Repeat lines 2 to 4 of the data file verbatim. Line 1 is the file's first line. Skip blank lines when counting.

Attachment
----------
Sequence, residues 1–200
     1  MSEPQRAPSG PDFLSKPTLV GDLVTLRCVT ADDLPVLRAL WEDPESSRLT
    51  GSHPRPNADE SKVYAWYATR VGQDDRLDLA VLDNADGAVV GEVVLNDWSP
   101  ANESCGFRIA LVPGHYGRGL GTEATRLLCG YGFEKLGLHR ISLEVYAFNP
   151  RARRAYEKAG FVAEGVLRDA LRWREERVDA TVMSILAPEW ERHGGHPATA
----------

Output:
     1  MSEPQRAPSG PDFLSKPTLV GDLVTLRCVT ADDLPVLRAL WEDPESSRLT
    51  GSHPRPNADE SKVYAWYATR VGQDDRLDLA VLDNADGAVV GEVVLNDWSP
   101  ANESCGFRIA LVPGHYGRGL GTEATRLLCG YGFEKLGLHR ISLEVYAFNP